The criteria for promotion are set out clearly - people can see what their goals should be and what they need to do to achieve them. The point at which you're promoted is dependent on merit, rather than years of experience. The benefit of this system is that you don't just gradually move on automatically, but need to meet specific targets in order to progress which keeps everyone focused and driven. It also allows people to develop at a speed that's appropriate for them.

I think progression as a junior lawyer is all about developing your confidence - you shouldn't be overconfident, but it's good to appreciate you know your legal topic so you're qualified to speak to clients and have something worthwhile to say to them. Confidence is also about knowing when to have something checked by someone else and when to ask for help.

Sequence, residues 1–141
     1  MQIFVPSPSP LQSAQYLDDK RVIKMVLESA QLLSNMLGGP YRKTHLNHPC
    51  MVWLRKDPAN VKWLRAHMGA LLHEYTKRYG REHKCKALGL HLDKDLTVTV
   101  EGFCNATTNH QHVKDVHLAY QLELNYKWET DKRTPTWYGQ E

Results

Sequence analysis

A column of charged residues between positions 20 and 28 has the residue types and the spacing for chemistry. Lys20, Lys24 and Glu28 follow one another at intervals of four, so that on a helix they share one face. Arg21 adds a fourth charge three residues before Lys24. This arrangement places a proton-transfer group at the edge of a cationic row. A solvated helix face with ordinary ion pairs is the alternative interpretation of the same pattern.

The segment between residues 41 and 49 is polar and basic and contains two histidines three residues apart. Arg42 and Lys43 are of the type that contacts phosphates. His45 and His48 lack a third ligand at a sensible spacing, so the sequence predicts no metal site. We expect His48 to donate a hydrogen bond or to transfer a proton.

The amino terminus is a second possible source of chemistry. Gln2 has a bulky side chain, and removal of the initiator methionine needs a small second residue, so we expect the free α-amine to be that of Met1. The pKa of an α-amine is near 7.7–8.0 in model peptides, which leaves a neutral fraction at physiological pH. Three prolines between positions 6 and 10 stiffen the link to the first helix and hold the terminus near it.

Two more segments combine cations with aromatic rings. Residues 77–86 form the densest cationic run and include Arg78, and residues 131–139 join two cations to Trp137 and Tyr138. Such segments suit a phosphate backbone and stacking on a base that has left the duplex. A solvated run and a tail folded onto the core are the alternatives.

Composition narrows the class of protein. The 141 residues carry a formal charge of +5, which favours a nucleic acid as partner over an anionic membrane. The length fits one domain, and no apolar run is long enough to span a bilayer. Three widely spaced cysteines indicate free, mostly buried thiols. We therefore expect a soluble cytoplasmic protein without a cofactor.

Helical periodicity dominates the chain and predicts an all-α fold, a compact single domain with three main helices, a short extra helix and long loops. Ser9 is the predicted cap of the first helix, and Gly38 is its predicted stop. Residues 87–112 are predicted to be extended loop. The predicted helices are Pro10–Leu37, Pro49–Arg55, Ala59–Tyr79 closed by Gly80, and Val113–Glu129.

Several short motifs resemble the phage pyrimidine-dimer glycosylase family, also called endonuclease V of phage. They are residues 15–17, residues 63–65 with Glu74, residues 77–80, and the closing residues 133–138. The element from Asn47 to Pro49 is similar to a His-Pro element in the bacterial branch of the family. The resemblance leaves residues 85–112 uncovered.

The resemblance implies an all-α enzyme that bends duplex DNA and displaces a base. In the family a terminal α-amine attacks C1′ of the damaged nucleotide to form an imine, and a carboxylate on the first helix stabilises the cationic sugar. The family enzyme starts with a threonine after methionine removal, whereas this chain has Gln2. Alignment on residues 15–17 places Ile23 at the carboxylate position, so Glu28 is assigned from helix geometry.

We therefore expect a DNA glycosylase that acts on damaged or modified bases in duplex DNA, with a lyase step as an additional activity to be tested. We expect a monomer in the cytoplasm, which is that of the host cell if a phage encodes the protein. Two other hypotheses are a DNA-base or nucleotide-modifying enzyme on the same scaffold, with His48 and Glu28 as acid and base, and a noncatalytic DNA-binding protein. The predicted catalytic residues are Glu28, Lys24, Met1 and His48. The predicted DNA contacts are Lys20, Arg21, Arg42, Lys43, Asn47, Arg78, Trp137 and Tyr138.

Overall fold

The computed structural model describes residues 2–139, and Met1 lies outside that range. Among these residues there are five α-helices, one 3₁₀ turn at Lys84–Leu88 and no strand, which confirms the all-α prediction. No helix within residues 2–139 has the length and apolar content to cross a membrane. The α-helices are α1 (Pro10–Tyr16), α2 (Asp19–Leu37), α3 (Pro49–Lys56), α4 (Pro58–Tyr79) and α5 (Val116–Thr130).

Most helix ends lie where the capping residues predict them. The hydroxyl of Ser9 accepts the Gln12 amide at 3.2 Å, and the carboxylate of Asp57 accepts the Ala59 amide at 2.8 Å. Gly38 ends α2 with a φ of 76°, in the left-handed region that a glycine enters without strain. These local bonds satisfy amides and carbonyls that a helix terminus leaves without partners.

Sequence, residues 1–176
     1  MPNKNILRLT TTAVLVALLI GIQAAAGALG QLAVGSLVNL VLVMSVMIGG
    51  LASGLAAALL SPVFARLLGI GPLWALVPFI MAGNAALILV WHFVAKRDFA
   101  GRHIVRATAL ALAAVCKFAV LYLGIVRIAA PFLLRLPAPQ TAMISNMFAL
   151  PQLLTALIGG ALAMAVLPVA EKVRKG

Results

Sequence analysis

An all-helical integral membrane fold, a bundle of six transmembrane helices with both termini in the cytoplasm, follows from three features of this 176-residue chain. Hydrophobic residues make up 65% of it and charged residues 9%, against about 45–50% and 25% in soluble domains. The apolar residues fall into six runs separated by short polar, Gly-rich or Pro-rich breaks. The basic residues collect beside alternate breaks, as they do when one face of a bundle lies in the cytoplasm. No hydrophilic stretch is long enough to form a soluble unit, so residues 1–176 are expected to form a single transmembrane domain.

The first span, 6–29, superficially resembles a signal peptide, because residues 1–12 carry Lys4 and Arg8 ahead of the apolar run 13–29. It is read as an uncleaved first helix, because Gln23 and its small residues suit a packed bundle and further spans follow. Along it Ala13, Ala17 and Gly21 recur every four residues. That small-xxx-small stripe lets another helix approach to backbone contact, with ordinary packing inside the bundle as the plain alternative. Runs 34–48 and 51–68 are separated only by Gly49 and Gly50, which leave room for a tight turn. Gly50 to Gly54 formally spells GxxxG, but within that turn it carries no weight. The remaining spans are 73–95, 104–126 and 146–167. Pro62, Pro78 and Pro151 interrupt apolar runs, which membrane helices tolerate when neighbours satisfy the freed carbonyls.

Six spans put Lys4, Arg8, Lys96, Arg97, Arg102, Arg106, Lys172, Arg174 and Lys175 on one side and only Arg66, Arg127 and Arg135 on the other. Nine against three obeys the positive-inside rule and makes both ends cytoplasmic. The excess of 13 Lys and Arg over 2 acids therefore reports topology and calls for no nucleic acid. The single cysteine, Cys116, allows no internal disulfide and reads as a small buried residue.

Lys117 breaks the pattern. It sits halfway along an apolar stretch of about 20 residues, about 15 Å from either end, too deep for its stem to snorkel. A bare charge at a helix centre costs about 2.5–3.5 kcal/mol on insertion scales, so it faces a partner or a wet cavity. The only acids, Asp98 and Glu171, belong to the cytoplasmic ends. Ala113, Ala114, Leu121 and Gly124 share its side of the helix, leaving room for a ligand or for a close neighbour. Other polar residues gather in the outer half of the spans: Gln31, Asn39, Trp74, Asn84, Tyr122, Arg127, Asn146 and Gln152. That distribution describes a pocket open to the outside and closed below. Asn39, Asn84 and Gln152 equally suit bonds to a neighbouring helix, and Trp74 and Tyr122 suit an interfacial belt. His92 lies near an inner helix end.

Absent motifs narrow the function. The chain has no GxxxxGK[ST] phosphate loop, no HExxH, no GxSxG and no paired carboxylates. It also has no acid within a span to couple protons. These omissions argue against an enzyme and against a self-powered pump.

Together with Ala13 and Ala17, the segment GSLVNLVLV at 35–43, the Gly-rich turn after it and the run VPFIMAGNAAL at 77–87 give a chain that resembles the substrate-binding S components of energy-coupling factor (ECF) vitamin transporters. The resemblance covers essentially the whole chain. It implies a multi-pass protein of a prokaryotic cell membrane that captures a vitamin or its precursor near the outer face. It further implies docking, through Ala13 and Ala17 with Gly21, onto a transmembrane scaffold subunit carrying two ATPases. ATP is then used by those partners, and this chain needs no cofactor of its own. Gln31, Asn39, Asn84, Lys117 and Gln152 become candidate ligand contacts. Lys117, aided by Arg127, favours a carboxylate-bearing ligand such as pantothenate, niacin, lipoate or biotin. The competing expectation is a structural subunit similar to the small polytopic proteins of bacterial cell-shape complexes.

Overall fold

It's definitely possible to build client relationships as a junior lawyer, which can often be done through more senior lawyers. The junior associate who shares my office is closely involved with some of my clients. He's taken on the day to day liaising with them and comes and participates in all of the meetings. Through this kind of activity, you can build up a rapport with clients and get to know the ins and outs of their business so that advice can be tailored to their specific needs. To get these opportunities, however, you need to gain the confidence of more senior lawyers so they trust you to take the relationship with the client forward. But because we have thorough recruitment processes, we know that our trainees and junior lawyers are of the standard we'd expect.

Becoming a partner?